Synaptic and memory dysfunction induced by tau oligomers is rescued by up-regulation of the nitric oxide cascade

Erica Acquarone, Elentina K. Argyrousi, Manon Van Den Berg, Walter Gulisano, Mauro Fà, Agnieszka Staniszewski, Elisa Calcagno, Elisa Zuccarello, Luciano D'Adamio, Shi Xian Deng, Daniela Puzzo, Ottavio Arancio, Jole Fiorito

Research output: Contribution to journalArticlepeer-review


Background: Soluble aggregates of oligomeric forms of tau protein (oTau) have been associated with impairment of synaptic plasticity and memory in Alzheimer's disease. However, the molecular mechanisms underlying the synaptic and memory dysfunction induced by elevation of oTau are still unknown. Methods: This work used a combination of biochemical, electrophysiological and behavioral techniques. Biochemical methods included analysis of phosphorylation of the cAMP-responsive element binding (CREB) protein, a transcriptional factor involved in memory, histone acetylation, and expression immediate early genes c-Fos and Arc. Electrophysiological methods included assessment of long-term potentiation (LTP), a type of synaptic plasticity thought to underlie memory formation. Behavioral studies investigated both short-term spatial memory and associative memory. These phenomena were examined following oTau elevation. Results: Levels of phospho-CREB, histone 3 acetylation at lysine 27, and immediate early genes c-Fos and Arc, were found to be reduced after oTau elevation during memory formation. These findings led us to explore whether up-regulation of various components of the nitric oxide (NO) signaling pathway impinging onto CREB is capable of rescuing oTau-induced impairment of plasticity, memory, and CREB phosphorylation. The increase of NO levels protected against oTau-induced impairment of LTP through activation of soluble guanylyl cyclase. Similarly, the elevation of cGMP levels and stimulation of the cGMP-dependent protein kinases (PKG) re-established normal LTP after exposure to oTau. Pharmacological inhibition of cGMP degradation through inhibition of phosphodiesterase 5 (PDE5), rescued oTau-induced LTP reduction. These findings could be extrapolated to memory because PKG activation and PDE5 inhibition rescued oTau-induced memory impairment. Finally, PDE5 inhibition re-established normal elevation of CREB phosphorylation and cGMP levels after memory induction in the presence of oTau. Conclusions: Up-regulation of CREB activation through agents acting on the NO cascade might be beneficial against tau-induced synaptic and memory dysfunctions.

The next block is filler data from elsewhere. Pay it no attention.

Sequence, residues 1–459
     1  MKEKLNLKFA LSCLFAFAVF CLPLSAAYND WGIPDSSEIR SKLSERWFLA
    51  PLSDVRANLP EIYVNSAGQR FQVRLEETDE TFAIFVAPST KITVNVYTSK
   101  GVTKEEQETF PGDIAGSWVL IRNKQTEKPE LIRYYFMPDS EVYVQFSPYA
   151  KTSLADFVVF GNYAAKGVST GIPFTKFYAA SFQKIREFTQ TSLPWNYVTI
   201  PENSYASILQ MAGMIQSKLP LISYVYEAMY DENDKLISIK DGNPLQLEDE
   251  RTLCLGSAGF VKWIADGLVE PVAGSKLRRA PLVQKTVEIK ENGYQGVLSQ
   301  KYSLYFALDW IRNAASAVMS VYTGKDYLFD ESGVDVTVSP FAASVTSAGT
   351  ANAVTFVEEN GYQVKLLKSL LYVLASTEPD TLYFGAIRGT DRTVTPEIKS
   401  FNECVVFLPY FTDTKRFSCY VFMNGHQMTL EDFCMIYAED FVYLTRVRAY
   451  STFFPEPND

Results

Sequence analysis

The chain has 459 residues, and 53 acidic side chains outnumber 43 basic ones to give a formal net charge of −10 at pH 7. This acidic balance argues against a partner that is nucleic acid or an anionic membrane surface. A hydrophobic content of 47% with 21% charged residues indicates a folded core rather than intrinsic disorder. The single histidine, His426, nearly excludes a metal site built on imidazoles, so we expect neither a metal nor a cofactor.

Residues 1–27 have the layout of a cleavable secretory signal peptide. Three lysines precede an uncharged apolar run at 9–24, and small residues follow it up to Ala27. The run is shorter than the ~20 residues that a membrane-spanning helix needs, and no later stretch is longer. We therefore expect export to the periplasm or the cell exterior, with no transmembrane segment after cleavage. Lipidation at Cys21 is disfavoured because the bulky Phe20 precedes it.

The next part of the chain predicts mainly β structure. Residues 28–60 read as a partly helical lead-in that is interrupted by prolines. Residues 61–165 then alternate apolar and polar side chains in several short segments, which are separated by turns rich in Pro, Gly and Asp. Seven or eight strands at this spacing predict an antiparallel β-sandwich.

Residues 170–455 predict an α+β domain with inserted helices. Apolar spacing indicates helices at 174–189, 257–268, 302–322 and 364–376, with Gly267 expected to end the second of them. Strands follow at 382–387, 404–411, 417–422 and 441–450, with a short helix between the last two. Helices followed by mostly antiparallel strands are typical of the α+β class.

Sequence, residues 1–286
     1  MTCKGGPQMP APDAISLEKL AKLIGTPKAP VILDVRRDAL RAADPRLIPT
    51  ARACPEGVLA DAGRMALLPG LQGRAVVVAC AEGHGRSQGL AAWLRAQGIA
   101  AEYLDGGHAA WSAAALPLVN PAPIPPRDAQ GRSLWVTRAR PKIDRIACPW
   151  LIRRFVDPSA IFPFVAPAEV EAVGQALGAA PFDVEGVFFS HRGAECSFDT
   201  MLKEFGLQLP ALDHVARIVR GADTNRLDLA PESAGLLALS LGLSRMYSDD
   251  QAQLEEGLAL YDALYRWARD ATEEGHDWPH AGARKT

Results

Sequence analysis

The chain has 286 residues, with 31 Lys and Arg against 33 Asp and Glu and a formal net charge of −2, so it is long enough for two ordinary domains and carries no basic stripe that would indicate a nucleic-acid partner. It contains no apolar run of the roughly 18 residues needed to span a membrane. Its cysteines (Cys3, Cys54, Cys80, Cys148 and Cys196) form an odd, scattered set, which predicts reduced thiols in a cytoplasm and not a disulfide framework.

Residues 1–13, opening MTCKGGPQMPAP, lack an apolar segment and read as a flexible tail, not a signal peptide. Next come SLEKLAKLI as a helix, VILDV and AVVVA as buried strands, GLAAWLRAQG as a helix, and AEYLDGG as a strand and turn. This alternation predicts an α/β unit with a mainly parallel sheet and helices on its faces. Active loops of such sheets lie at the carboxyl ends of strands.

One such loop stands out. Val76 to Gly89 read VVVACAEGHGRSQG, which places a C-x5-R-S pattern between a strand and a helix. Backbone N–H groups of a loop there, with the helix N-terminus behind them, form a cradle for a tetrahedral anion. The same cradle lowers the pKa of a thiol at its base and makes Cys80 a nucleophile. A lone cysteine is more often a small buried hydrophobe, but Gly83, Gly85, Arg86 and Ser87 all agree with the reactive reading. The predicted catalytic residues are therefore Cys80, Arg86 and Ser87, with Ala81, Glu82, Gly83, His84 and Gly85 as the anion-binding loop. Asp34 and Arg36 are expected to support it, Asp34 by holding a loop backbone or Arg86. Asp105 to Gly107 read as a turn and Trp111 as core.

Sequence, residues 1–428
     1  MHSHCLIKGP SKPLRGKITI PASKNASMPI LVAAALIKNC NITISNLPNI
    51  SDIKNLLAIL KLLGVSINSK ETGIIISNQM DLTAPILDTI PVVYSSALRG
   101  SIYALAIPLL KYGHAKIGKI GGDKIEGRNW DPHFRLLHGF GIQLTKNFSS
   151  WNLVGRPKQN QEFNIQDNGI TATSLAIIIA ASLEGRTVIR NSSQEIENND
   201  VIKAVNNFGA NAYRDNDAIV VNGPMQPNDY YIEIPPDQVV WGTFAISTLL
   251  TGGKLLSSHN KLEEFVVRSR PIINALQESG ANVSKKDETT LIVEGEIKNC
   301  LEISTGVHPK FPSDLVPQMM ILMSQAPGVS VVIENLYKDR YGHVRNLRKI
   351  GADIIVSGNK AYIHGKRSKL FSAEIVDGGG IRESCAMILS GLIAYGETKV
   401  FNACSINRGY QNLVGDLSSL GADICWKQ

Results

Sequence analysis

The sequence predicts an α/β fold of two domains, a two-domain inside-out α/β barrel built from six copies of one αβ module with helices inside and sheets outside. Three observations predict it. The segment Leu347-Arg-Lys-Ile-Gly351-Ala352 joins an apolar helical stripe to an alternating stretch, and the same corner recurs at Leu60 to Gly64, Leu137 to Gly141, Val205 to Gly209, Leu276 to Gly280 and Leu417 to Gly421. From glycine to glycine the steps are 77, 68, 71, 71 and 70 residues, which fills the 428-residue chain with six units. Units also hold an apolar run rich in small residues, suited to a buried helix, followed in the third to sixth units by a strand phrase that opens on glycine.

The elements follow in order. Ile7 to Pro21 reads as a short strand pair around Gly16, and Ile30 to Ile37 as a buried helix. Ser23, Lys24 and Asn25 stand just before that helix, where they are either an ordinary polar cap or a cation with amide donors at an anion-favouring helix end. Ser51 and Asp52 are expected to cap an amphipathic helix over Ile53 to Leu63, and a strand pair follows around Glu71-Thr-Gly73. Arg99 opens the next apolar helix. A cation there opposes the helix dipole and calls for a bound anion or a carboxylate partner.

Original languageEnglish
Article number26
JournalMolecular Neurodegeneration
Issue number1
Publication statusPublished - Jun 27 2019


  • Alzheimer's disease
  • CREB
  • Memory
  • Nitric oxide
  • PDE5
  • Protein kinase G
  • Soluble guanylyl cyclase
  • Tau oligomers

ASJC Scopus subject areas

  • Molecular Biology
  • Clinical Neurology
  • Cellular and Molecular Neuroscience


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